By Geoff Butler
Hermes thanks those who supplied images, including www.paradata.org.uk
Editor’s Foreword: The legendary Herbert ‘Nobby’ Arnold remains one of The Parachute Regiment’s most famous — or notorious — Regimental Sergeant Majors. His life and career are well-described on the Paradata website. Born in 1927, he joined the Army aged sixteen during the Second World War, volunteering for the Airborne in December 1944. He died in 2001.
After a brief time back in civvy street, he came back to The Parachute Regiment, where he would remain for almost thirty years. His medals recount the career of an experienced Airborne warrior of the early post-WW2 era: WW2 service, Palestine, Canal Zone and Suez, Cyprus and the Radfan. The GRVI General Service Medal for Palestine is named to the Army Air Corps or AAC rather than ‘PARA’, as was the official practice for named Parachute Regiment medals in the 1940s. This was an administrative hangover from our Regiment’s earliest days.
Hermes contributor Geoff Butler, who passed through Depot PARA in Aldershot when Nobby Arnold was RSM there, shares a touching memory of the fearsome Badge Man, who cared very deeply for the soldiers under his sometimes eccentric command.
Many felt that Nobby Arnold should have been decorated for bravery in the Radfan in 1964, where a ridge captured by 3 PARA’s Anti-Tank Platoon was named ‘Arnold’s Spur’ in recognition of WO2 Arnold’s outstanding battlefield leadership and valour. His CO, Anthony Farrar-Hockley, is said to have told Nobby Arnold that the award of decorations was a lottery and Arnold had simply missed out.
Nobby Arnold’s departure from the Army under a cloud is widely seen as an example of senior officers failing to stand up for their men in the face of civilian complaints, in stark contrast to the kind of leadership exercised by soldiers’ officers like Anthony Farrar-Hockley.
Geoff Butler: Nobby left the Regiment under a cloud in the early 1970s. He had bawled out a civilian who had wandered across the Depot drill square. Nobby later told me that the civilian he challenged was OK about the incident when Nobby explained that the reason involved security. The Depot and other Airborne establishments had no fences and, as the IRA bombing of Brigade HQ showed, were wide open to attack.
Nobby recalled that he had offered to buy the man a beer and that it was the officer with the man who made a big thing out of it. Nobby also told me that the drill square was sacred ground because of the tradition of laying bodies out there after battles so that the regimental colours can be paraded through the lines of fallen soldiers.
Many years later I was walking along the seafront in Worthing when Nobby and I spotted each other at the same time. I was looking at him and he said “Excuse me, do you know me?”. I replied: “Yes sir. You were RSM Depot when I was in Junior Para.”. He said: “Let’s have Cream Tea and a chat.”.
I am glad we did. I found out how he came to leave the Army, what he was doing and explained to him that the guys all talk about him on our Internet chat sites. I think we used Yahoo Chats. Nobby had not heard of that so I explained it to him. He said: “Will you be my signaller so I can say hello to the lads? “. Nobby then wrote me this letter and I acted as signaller for him as requested. He mentions this in the letter, reproduced below.
Nobby spent much of his retirement baking cakes and visiting old people’s homes to deliver them. He also still had his men’s welfare very much to heart. Talking about his days as an RSM, Nobby explained his theory that if a soldier is alert, he will stay alive longer. “So, I made them alert!”, he said.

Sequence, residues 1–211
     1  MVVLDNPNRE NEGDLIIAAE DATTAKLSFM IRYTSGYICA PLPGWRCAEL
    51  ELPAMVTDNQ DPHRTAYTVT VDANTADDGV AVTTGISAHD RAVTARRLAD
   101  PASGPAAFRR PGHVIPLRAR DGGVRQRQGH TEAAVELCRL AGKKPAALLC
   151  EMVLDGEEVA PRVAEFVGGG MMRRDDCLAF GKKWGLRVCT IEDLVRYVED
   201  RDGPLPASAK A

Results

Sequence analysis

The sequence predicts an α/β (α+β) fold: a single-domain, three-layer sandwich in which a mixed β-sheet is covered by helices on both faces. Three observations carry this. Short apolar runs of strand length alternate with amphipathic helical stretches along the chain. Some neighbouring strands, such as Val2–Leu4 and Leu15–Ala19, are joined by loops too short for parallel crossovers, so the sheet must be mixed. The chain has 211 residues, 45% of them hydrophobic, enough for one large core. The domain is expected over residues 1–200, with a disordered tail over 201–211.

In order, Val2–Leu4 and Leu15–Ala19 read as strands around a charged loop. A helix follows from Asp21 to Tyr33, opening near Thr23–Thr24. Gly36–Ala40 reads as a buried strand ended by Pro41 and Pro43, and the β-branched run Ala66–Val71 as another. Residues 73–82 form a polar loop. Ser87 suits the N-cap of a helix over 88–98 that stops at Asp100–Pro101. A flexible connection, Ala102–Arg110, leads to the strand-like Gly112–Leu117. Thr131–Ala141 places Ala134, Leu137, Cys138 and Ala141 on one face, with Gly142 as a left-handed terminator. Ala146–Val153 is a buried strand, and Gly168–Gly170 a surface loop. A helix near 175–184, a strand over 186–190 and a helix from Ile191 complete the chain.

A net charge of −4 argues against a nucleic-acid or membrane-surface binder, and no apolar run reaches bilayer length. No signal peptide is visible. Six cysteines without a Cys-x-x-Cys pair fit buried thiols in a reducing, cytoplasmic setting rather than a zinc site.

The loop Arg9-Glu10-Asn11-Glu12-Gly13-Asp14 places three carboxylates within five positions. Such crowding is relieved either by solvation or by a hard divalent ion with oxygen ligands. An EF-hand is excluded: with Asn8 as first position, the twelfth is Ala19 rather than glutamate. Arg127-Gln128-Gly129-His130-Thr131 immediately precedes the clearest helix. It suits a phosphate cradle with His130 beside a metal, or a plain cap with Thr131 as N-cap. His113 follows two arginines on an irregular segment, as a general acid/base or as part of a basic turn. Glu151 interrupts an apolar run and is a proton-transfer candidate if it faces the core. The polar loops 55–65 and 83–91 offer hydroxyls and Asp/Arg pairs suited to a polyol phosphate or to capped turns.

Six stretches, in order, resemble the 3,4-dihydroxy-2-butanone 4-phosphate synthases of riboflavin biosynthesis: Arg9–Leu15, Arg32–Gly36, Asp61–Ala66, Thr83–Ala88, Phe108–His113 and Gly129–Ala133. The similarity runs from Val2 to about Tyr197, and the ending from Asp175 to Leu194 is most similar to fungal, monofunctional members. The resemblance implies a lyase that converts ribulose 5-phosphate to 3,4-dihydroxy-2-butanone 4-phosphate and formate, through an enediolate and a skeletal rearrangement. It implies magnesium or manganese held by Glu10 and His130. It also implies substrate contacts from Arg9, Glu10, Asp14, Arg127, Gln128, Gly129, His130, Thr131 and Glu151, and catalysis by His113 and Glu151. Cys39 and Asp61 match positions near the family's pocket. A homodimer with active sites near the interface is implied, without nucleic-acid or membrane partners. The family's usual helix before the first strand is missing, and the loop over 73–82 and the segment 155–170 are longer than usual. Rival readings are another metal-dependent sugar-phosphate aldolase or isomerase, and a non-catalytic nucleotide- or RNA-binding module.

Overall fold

The antics Nobby got up to caused laughter in those observing but not in the soldiers he collared on his rounds. One time, he jailed a dog for walking across his drill square. When the owner, Sergeant Jim Kerr, went to the guardhouse to get his dog at the end of the day, the guard commander refused to let him have it in case Nobby jailed him for allowing the dog to escape. Nobby then turned up and said: “The dog must have a three-course meal!”, and send word to the cookhouse. After Sergeant Kerr’s dog had had his meal, Nobby released him.
I remember one time that Nobby wanted a guard commander. We new boy soldiers, Junior Paras, were lined up outside the Depot armoury. The NCOs were supervising us. When the click-click-click of the RSM’s highly-bulled shoes was heard approaching, panic set in. Nobby appeared and asked the corporal: “Are these men well-informed, Corporal?”. “Yes sir!”, came the corporal’s reply. Nobby asked three of us Junior Paras who the Paymaster was. No-one knew the answer. Nobby said to the corporal: “I thought you said these men were well-informed, Corporal. Two extra guard duties!”. Pete Merry, the corporal in question, was not very pleased with us. We knew our day was about to get worse and it did!
Nobby used to love payday as we had to march up to the table and get our pay and if you were in shit order, that was your lot! You got show clean, guard duty or jail! Some guys had their money paid into their bank accounts to avoid pay parade.
One of his former COs told a story at Nobby’s funeral about getting a letter from Nobby regarding discipline and laziness in the Battalion. Nobby had noticed that the sergeants found it more comfortable in the Sergeants’ Mess during the day than being out and about supervising the corporals and the troops. “I have addressed the problem, sir.”, wrote Nobby, “I have removed the furniture from the Sergeants’ Mess.”.
Nobby had less than two years to live after sending me this letter. May he rest in peace. At least I got his message out. When I shared it on the web, a lot of guys replied with funny stories about Nobby Arnold. Nobby is buried in the Aldershot Military Cemetery, in the Para Section. Here is the letter he sent me.